PyCon 2013 report

PyCon 2013 was an excellent conference bringing together Python’s vast, diverse, and technically excellent community. I had the opportunity to visit the whole conference including the sprint days.


The size of the community seems well reflected by the number of attendees that PyCon US attracts: the limit of 2,500 attendees was reached on 2013-02-02, about 1 month prior to the conference. This should be about 500 attendees more than in 2012 when they exceeded their planned capacity of 1,500 ending up with 2,000 IIRC.

It was very nice to see that the organization is growing along with the task: everything ran very smoothly, a lot of detailed changes over last year, some for better, some for worse (Remember: if you want to improve, you need to change, and the means you need to accept set backs to learn.)


Yes, there was this FUBAR situation regarding a “code of conduct” violation. I think too many people who have not been at PyCon have contributed to the turmoil already so I’ll refrain from commenting.

I was happy to hear that PyLadies (and everybody else working on the diversity of the community) could see their efforts showing excellent results: around 20% of all participants were women (or girls). I had the impression on the first day of the conference that more women were around than usually on tech conferences.

But not only that, we also had:

  • a wide range of ages: from kids, to students, to way more senior people
  • very business and very relaxed, alternative people (Plone RV, anyone?)
  • visitors from all over the world

I had to ponder a bit why this actually makes me happy: the diversity shows me that what we do is important to everyone and does not need to be either obscure and geeky or shirt-and-tie business.

We can have a community where you can be geeky and nerdy, do business, and feel like a human being. How great is that? Conferences always tend to be very intense environments, somewhat “from outer space”. Combined with travelling overseas for almost two weeks, having a human environment just makes it so worthwhile and a bit more sustainable.

To everybody who did not have an absolutely great experience personally: I’m empathatic and I hope next PyCon will be better for you. A lot has been said about the code of conduct and the organizers definitely pay a lot of attention to it. Nevertheless: 2,500 people stuffed into a few rooms over almost a week will cause friction here and there. If I should encounter a similar situation myself I will hopefully be able to apply some of the experience as a bystander and: stay calm, be friendly, and help defusing situations.

Technical excellence

There isn’t much you can do to get more sophisticated technical people talking about programming into the same spot compared to PyCon. Maybe DEFCON, or USENIX, or other more orthogonally oriented spots. But for practicality this is just it.

I recommend you visit and go through the recorded videos of all sessions. It’s always a good idea to listen to what Raymond Hettinger has to say. And Guido, of course.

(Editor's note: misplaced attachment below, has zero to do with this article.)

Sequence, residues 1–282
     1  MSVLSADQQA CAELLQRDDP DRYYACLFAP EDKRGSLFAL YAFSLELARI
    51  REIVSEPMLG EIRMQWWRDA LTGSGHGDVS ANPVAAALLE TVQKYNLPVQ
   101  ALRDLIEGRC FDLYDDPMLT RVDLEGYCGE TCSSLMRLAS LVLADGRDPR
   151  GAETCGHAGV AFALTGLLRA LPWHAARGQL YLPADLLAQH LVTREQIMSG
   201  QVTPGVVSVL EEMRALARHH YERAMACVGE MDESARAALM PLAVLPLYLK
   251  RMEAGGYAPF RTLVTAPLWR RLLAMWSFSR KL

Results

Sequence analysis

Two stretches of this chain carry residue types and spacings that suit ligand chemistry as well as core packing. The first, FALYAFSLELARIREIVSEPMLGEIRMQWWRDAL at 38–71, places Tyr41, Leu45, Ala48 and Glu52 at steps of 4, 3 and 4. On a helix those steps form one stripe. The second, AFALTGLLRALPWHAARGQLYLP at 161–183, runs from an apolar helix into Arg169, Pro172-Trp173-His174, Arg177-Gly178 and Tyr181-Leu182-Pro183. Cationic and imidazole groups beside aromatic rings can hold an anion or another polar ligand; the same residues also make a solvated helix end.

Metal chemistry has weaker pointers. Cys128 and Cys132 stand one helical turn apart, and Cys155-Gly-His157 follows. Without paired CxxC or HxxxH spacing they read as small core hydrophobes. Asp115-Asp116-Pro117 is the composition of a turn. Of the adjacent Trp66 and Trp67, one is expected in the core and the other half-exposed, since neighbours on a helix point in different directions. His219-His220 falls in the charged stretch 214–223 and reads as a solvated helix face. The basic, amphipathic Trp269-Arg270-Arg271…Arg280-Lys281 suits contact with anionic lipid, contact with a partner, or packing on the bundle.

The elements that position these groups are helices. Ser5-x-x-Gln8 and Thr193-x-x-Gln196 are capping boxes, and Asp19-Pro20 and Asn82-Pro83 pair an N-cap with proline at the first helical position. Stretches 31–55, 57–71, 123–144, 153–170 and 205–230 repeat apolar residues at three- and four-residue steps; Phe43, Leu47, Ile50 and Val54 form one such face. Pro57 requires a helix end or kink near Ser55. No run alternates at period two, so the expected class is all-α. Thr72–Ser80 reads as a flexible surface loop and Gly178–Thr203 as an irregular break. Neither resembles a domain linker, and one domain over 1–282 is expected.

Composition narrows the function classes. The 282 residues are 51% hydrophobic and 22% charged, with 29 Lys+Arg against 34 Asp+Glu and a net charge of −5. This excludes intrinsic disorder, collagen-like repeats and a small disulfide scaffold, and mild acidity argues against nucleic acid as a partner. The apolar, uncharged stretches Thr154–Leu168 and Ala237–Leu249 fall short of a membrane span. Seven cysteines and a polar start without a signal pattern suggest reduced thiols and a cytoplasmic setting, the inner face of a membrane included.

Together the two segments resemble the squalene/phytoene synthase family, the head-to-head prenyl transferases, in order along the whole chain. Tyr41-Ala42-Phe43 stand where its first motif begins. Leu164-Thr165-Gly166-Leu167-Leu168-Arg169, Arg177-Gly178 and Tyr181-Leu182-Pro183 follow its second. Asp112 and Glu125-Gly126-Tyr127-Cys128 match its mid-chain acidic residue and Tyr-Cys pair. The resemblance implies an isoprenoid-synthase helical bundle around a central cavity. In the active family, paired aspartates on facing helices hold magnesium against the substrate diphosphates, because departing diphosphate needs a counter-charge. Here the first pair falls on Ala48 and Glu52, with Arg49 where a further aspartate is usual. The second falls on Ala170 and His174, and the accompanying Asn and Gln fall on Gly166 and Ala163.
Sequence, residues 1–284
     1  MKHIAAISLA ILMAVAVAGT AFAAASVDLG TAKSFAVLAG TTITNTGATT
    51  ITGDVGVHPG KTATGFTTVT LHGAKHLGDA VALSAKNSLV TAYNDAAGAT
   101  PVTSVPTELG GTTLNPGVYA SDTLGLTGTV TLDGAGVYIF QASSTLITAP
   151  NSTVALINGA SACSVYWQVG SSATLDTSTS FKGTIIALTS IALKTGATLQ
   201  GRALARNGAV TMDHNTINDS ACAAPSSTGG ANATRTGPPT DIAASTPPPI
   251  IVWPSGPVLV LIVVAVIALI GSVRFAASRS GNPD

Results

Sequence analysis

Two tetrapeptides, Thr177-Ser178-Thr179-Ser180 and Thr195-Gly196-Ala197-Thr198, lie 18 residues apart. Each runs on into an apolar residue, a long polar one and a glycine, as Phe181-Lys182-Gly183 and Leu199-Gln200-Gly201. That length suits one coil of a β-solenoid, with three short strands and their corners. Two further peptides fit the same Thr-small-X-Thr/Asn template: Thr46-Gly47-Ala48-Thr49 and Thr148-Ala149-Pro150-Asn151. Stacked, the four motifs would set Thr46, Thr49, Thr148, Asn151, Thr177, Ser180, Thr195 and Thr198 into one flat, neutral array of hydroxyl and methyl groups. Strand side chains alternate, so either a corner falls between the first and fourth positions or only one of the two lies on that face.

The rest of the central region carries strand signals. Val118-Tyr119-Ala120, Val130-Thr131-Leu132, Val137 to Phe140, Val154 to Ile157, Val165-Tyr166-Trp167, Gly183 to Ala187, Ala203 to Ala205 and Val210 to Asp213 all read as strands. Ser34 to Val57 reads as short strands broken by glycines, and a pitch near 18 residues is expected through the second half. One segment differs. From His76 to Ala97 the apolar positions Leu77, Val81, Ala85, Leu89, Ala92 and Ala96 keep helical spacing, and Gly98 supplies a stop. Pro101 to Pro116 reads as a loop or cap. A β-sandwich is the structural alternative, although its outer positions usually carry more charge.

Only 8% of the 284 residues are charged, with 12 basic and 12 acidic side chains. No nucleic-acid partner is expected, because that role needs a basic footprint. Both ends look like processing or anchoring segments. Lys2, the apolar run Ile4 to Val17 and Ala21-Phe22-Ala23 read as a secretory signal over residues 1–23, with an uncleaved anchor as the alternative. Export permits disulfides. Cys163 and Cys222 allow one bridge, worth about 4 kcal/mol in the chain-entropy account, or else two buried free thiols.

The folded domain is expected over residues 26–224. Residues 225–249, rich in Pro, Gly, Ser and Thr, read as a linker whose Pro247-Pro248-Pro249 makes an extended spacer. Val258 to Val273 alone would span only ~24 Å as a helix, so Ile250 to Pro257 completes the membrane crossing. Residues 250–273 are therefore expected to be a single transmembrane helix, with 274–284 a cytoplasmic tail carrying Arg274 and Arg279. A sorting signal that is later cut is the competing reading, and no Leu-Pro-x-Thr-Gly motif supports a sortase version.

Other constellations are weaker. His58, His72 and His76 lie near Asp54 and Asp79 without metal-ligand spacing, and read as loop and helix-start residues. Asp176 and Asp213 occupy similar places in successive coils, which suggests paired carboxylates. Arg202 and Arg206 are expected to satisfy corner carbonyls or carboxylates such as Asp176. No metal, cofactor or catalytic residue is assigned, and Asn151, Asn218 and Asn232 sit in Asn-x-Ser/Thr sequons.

I felt very productive during the sprints: I started out sitting in a room with Nate Aune, Jeff Forcier, and some others, talking about deployment things. I worked a bit on our deployment utility batou trying to soften some rough edges and gather feedback from others.

However, I also had the PyPI mirror client software on my radar. As we are operating one of the official mirrors (the F mirror) I was fed up by the constant breakage that the existing pep381client experienced everywhere. I sat down, refactored, and lo and behold! a bandersnatch appeared. This is a full rewrite that can be used with the existing mirror data and is much more reliable and – in the case of error – easier debug and recover.


gocept also was a silver sponsor for PyCon. We already sponsored PyCon in 2012, but this year we:

  • did not insert more stuff into the attendee bag (it’s way too heavy already anyways)
  • did set up a booth to become approachable and get to talk to people

Our product (the Flying Circus) is in use for consulting clients but still on its way to become a product that you can just use by registering and providing payment details. Operations as a service is a very dynamic space today and we had some good opportunities to try to explain what we envision and where we think existing IaaS and PaaS models are aiming at the wrong thing. If you’re interested in this kind of thing, then visit our homepage and sign up to our newsletter and we’ll keep you updated.

PyCon has been a very sponsor-friendly place, especially for small businesses. It’s always a hassle to bring a lot of stuff half around the globe, but the environment was perfect to just bring some banner and flyers and talk to people strolling around.


So next year, PyCon US will actually be PyCon North America, as the conferences moves to Montreal. Besides making this a much shorter trip I’m also looking forward to some new cultural impressions.

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